On January 16, 2019, ULI Northwest Women’s Leadership Initiative hosted Quest for Talent: Recruit (+Keep) Diverse Leaders in Real Estate.
The event took place at Union Stables and was co-sponsored by Lease Crutcher Lewis and the Runstad Department for Real Estate Studies at the University of Washington.
The program featured a keynote presentation from Dan Pulver, a Principal at KornFerry, a recruiting and strategy firm based in Los Angeles. Following Dan’s presentation, a panel of senior real estate leaders including Ada Healey, Chief Real Estate Officer, Vulcan, and Jonas Sylvester, President, Unico Properties, commented on Seattle’s tough hiring market and their own experiences seeking diverse candidates. Lori Hill, Managing Director of Capital Markets at JLL, moderated the discussion.
The following message was prepared by Kris Wilson, Partner, Perkins Coie, and Co-Chair of the Women’s Leadership Initiative in Seattle:
Dan Pulver, our speaker from KornFerry, spoke of the distinction between diversity and inclusion in his presentation. He said diversity is a fact and inclusion is an action. Verna Meyers, a diversity consultant whom I have learned from over the years (who is now Netflix’s Vice President, Inclusion Strategy) said it this way: “Diversity is being invited to the party; inclusion is being asked to dance.”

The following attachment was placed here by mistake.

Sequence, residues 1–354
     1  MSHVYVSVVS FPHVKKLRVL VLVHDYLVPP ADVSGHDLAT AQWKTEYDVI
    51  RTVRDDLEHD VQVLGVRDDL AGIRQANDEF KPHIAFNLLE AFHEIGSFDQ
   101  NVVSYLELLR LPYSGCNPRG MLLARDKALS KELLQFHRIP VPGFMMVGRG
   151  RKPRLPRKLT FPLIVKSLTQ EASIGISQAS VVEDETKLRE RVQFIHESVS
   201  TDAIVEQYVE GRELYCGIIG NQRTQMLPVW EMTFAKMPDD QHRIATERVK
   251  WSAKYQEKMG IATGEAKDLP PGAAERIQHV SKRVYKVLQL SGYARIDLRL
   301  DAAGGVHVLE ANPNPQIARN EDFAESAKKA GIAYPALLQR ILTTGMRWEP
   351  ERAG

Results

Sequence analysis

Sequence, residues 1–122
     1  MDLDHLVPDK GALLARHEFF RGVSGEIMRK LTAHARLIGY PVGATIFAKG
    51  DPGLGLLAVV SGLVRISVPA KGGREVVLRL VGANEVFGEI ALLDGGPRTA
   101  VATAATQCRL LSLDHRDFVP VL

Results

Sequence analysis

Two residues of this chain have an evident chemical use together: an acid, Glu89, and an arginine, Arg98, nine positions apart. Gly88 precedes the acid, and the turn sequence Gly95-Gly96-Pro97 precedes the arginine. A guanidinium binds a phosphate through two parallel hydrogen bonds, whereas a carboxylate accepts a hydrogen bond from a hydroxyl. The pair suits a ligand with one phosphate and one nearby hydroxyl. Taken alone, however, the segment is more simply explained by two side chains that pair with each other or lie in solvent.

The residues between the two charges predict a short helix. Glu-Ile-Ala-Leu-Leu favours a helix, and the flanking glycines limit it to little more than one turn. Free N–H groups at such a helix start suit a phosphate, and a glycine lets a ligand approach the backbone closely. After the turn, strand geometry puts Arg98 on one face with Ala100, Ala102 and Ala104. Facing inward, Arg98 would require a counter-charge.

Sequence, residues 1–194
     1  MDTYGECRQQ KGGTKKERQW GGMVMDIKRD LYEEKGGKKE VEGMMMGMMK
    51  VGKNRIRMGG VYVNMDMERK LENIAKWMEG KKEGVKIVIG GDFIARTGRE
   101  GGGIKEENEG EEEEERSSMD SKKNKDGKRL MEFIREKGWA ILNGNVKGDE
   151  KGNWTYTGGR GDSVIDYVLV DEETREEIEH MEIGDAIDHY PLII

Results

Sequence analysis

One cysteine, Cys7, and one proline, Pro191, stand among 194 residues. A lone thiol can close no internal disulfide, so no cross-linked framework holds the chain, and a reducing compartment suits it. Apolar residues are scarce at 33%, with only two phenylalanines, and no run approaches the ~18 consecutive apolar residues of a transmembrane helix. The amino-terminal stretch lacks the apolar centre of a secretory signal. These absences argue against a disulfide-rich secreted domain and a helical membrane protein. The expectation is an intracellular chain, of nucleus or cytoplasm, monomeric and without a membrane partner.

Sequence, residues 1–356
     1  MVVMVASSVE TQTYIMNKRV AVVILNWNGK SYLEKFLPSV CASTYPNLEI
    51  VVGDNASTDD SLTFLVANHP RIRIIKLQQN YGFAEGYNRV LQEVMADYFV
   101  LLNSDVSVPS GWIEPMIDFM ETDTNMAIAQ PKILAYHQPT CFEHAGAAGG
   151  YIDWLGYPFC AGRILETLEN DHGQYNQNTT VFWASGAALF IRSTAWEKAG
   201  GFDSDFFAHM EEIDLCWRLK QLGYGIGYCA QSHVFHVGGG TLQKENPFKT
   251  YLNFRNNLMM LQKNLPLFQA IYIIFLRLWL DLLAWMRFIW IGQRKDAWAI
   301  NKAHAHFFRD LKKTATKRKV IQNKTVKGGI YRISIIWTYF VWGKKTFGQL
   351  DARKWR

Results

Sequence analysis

To promote diversity and inclusion in our organizations, we need to act. But, sometimes it is hard to identify what we can do. ULI Northwest’s WLI offers the Diversity Checklist to identify actions you might take to make your workplace culture more diverse and inclusive.
As noted in the checklist, one step to take is to educate yourself. If you attended the Quest for Talent event, you can check one box off that list!
A way to understand more about implicit bias is to learn from and interact with the Project Implicit test, blog, and other data, now gathered and reported by a nonprofit that is a collaboration between several universities (including our very own University of Washington).
Another is to examine the social science research in the Howard/Heidi studies conducted regarding hiring processes. The names of the resumes in the original were Howard Rosen and Heidi Rosen. It was done by Harvard Business years ago and recently updated by Frank Flynn at Stanford to base it off of Silicon Valley legend Heidi Roizen. Results were (sadly) similar.
After recognizing that we are all programmed with unconscious bias, the next step is to take action to become consciously unbiased and hopefully, eventually, unconsciously unbiased. When I take the implicit bias test (and I have done so several times), even trying to beat it, I can’t. And, that’s what the social science supports. Our wiring includes it so we really have to consciously slow down, recognize it, and push it to the sideline. The more practice we get at doing that, we can modify that wiring and create a real cultural impact.
Post written by Kris Wilson, Partner at Perkins Coie